There was a time when multiplayer games were not merely a virtualized social medium, but a real and tangible moment of physical meeting and confrontation (with related emotional bursts).
If you were a kid in the Eighties you should already have guessed what I am referring to: split screens (and shared screens).
Call it a fashion or be it a necessity, nowadays split-screens are not so common in videogames. This is certainly due to the increasing availability of better communication technologies (DSLs and Wireless LANs, to begin with, while in the past we had slow PSTN connections and NULL modem cables) and a change in the way videogames are designed. However, some of the magic vibe of the past glory has been lost. Only fighting games a-la Street Fighter, casual Wii games, and sport games seem to conveniently resist in supporting this game-mode (although it would be interesting in playing a network-assisted 2-on-2 match in a fighting game); it should be noted that lag would a major issue in those games, ‘though, and it certainly better to avoid it from the very beginning.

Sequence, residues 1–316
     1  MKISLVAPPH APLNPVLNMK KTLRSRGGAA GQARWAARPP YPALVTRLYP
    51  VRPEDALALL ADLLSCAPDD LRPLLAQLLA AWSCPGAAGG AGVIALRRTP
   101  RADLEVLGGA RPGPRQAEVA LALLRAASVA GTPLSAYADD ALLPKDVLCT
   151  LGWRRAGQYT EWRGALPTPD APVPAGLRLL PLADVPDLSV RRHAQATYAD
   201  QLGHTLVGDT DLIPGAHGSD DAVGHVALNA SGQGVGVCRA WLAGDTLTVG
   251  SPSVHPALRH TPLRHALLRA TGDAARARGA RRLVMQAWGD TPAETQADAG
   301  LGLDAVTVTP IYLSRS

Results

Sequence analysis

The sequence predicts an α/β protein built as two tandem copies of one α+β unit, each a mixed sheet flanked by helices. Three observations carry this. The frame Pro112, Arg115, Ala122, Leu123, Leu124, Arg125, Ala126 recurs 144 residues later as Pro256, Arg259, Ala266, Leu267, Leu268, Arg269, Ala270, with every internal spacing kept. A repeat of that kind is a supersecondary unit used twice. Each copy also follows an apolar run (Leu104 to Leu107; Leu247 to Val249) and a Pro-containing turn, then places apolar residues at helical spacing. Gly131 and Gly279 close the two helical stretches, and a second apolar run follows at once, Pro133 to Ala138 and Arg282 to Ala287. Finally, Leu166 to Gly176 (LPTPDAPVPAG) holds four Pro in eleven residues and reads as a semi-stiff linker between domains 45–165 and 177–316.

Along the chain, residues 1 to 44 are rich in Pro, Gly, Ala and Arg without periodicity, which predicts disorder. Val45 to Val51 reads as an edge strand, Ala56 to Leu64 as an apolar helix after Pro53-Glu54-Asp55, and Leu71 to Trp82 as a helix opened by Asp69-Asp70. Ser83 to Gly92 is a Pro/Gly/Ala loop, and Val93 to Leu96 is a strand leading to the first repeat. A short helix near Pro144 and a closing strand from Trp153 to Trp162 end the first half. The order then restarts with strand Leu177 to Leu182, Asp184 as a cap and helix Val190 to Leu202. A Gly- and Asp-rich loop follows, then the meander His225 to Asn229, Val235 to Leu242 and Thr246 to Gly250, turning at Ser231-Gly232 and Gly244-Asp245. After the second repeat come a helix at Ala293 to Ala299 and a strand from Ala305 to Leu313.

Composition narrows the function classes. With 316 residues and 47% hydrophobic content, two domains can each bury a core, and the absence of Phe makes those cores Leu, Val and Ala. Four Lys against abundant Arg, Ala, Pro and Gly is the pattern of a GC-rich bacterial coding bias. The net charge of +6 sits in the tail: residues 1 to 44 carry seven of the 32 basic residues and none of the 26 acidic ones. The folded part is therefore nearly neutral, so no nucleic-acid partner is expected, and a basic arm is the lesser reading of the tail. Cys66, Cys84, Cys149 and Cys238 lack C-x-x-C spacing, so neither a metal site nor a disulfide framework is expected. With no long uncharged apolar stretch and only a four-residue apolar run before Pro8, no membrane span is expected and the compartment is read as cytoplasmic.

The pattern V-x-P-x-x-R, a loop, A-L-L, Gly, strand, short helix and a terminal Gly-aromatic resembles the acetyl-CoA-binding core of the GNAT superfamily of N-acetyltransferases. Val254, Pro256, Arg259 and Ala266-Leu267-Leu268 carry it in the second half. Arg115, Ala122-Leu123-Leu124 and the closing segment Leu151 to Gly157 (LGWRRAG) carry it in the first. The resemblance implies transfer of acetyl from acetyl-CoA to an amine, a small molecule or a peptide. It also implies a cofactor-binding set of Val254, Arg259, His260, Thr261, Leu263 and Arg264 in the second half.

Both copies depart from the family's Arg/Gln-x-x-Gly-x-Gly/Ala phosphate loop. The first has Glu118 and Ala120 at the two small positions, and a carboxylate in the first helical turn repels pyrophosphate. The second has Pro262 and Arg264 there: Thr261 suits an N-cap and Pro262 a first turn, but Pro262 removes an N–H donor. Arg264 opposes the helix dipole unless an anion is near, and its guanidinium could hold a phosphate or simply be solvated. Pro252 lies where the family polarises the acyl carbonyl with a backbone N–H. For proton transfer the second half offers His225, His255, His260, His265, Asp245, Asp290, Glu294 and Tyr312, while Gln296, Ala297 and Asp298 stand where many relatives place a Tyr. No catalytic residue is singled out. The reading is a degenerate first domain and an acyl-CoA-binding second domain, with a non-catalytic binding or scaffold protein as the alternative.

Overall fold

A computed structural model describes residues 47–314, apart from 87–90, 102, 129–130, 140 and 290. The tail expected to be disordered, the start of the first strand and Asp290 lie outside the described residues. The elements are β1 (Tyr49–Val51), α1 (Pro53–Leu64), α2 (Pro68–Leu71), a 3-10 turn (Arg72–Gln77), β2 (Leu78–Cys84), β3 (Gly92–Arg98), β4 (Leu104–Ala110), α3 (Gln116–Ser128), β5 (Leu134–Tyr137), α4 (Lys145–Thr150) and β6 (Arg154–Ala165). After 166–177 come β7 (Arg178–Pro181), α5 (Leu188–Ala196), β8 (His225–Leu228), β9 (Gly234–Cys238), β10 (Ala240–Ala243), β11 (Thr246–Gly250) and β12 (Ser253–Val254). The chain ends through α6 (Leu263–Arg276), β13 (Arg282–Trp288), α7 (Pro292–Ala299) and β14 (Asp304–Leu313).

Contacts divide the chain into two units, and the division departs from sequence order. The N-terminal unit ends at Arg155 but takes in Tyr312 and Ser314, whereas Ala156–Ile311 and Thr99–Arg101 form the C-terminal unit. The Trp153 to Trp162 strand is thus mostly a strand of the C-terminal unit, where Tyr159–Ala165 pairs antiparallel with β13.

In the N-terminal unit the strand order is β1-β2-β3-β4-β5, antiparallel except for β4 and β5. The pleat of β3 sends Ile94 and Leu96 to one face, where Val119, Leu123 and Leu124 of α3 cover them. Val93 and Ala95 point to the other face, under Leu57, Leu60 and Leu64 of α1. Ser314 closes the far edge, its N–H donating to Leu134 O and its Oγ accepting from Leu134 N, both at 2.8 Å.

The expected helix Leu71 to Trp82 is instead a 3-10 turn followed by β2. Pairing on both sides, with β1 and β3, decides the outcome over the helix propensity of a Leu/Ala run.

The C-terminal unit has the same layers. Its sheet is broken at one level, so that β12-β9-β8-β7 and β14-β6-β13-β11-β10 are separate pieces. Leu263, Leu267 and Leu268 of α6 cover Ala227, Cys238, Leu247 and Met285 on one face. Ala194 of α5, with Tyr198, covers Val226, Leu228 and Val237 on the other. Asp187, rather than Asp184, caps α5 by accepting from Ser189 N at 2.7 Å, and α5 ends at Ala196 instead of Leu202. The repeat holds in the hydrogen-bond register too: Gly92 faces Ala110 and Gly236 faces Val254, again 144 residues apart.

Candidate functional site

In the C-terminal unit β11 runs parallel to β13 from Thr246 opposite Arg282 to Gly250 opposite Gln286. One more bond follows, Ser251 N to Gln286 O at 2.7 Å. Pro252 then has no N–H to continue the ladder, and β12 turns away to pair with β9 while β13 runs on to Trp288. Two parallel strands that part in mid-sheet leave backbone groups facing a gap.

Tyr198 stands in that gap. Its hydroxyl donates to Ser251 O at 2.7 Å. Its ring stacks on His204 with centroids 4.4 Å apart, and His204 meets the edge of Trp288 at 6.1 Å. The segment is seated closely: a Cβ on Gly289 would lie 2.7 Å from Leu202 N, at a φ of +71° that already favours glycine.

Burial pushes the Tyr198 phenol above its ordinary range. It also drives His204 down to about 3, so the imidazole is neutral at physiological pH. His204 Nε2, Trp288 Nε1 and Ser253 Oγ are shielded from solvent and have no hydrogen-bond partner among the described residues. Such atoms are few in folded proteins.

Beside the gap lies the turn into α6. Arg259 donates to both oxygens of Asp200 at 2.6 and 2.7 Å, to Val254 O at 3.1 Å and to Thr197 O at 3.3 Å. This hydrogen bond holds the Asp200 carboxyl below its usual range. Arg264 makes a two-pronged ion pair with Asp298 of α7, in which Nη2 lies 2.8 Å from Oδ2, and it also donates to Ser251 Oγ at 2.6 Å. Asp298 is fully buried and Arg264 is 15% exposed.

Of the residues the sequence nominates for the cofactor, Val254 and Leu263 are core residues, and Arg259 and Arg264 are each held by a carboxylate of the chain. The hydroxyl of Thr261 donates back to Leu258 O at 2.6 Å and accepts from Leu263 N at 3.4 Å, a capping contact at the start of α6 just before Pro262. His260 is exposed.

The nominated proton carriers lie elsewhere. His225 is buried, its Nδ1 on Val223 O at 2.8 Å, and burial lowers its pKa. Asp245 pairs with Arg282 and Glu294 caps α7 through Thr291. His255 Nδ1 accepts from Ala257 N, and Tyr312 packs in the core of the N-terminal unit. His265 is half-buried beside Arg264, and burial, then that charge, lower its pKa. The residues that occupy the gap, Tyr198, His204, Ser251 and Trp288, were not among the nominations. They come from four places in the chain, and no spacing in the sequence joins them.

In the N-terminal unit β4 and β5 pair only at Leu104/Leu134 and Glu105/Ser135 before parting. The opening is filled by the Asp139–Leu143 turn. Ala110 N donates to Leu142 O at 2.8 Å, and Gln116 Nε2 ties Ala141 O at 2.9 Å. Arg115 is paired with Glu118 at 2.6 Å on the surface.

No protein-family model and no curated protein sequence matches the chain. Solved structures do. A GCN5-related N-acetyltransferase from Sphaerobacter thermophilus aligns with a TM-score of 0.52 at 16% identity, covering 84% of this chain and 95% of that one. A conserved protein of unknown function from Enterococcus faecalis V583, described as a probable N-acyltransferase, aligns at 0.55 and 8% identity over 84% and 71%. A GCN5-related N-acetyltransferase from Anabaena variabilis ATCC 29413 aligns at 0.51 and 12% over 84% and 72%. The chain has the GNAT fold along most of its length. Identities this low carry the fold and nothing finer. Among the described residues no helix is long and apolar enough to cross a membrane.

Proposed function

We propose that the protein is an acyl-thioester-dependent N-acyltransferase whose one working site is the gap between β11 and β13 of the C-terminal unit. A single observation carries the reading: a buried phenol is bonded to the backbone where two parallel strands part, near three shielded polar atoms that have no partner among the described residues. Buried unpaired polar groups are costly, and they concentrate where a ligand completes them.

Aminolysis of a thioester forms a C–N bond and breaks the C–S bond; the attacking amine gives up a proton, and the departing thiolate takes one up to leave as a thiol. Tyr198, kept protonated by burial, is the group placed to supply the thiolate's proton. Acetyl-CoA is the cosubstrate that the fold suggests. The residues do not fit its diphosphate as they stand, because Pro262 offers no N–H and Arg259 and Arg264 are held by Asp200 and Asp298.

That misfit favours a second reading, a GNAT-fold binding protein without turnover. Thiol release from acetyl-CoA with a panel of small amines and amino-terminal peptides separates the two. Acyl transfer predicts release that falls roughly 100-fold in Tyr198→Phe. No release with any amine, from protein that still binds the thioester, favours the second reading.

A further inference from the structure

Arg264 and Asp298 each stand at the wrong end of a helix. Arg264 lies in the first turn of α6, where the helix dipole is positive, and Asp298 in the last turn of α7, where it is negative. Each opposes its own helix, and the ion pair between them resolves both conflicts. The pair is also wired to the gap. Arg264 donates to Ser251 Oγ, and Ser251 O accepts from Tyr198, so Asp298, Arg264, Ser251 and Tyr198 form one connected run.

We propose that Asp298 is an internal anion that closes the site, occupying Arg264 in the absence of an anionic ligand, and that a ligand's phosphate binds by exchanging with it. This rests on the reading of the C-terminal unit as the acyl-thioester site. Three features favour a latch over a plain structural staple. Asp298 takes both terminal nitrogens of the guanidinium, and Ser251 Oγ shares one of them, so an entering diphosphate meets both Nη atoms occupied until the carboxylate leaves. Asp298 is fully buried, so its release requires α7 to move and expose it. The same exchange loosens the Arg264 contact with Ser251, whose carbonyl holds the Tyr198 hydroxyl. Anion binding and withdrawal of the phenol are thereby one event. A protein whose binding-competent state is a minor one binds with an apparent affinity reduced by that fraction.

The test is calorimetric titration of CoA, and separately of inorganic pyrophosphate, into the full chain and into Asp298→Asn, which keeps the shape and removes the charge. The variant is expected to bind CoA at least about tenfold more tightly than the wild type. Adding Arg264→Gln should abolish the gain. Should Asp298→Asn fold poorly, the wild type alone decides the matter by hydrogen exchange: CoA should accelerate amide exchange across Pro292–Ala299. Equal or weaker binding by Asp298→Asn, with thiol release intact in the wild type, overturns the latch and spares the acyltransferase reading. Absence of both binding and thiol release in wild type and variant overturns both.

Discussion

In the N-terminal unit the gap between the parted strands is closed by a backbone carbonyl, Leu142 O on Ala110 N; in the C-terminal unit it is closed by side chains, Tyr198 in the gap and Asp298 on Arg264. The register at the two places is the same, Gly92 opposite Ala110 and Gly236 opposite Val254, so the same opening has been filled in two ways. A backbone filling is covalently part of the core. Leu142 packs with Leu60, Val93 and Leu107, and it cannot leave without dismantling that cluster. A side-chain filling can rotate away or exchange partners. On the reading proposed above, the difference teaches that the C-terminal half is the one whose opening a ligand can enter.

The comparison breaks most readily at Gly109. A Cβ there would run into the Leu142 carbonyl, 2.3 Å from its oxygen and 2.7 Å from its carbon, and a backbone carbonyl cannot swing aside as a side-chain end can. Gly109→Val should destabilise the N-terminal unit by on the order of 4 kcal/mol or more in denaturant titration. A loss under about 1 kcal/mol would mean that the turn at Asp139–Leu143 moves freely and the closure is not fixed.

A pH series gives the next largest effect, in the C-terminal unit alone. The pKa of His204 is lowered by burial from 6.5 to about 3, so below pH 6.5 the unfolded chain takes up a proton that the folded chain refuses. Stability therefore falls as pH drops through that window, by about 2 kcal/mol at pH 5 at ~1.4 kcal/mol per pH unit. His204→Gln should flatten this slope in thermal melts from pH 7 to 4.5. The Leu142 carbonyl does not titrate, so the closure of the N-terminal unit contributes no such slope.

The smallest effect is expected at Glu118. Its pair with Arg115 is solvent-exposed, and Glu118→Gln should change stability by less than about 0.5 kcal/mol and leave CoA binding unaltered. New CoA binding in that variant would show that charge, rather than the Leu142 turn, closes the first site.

One of my fondest video-gaming memory is bound to Pitstop II. I spent so many happy moments playing this game with friends and relatives.
My one-stop list of the top ten split-screen and shared-screen multiplayer games is:
- Pitstop II (C=64)
- ACE 2 (C=64)
- Rally Speedway (C=64)
- Spy vs Spy (C=64)
- Bubble Bobble (Arcade)
- Speedball II: Brutal Deluxe (Amiga)
- Gauntlet II (Arcade)
- Sensible Soccer (Amiga)
- Street Fighter II: Champion Edition (Arcade)
- Cabal (Arcade)
It’s been a while since the revival of the retro-styled games. Developers should revive this game mechanic, too. I think that could bring some new interesting mechanics!